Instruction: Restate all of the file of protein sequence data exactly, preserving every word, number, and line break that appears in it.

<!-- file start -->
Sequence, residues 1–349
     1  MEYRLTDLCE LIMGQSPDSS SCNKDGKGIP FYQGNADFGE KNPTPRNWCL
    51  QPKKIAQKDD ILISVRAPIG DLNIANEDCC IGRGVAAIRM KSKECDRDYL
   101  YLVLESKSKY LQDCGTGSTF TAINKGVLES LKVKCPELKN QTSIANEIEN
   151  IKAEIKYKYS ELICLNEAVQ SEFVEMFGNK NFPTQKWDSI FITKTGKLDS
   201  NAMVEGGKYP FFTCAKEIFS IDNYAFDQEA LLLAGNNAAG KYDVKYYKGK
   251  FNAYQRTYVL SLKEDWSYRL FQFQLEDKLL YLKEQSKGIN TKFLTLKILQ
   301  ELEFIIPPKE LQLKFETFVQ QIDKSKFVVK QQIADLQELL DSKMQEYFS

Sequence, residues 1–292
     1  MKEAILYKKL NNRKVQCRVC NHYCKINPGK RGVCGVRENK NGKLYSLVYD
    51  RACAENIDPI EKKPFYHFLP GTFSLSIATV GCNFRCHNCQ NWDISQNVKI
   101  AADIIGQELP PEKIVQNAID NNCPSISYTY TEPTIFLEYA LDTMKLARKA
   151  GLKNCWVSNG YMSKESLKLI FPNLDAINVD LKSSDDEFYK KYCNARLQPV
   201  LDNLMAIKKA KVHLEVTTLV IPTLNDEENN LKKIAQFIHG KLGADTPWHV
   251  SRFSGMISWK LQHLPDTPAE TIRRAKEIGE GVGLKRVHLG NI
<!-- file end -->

Sequence, residues 1–349
     1  MEYRLTDLCE LIMGQSPDSS SCNKDGKGIP FYQGNADFGE KNPTPRNWCL
    51  QPKKIAQKDD ILISVRAPIG DLNIANEDCC IGRGVAAIRM KSKECDRDYL
   101  YLVLESKSKY LQDCGTGSTF TAINKGVLES LKVKCPELKN QTSIANEIEN
   151  IKAEIKYKYS ELICLNEAVQ SEFVEMFGNK NFPTQKWDSI FITKTGKLDS
   201  NAMVEGGKYP FFTCAKEIFS IDNYAFDQEA LLLAGNNAAG KYDVKYYKGK
   251  FNAYQRTYVL SLKEDWSYRL FQFQLEDKLL YLKEQSKGIN TKFLTLKILQ
   301  ELEFIIPPKE LQLKFETFVQ QIDKSKFVVK QQIADLQELL DSKMQEYFS

Sequence, residues 1–292
     1  MKEAILYKKL NNRKVQCRVC NHYCKINPGK RGVCGVRENK NGKLYSLVYD
    51  RACAENIDPI EKKPFYHFLP GTFSLSIATV GCNFRCHNCQ NWDISQNVKI
   101  AADIIGQELP PEKIVQNAID NNCPSISYTY TEPTIFLEYA LDTMKLARKA
   151  GLKNCWVSNG YMSKESLKLI FPNLDAINVD LKSSDDEFYK KYCNARLQPV
   201  LDNLMAIKKA KVHLEVTTLV IPTLNDEENN LKKIAQFIHG KLGADTPWHV
   251  SRFSGMISWK LQHLPDTPAE TIRRAKEIGE GVGLKRVHLG NI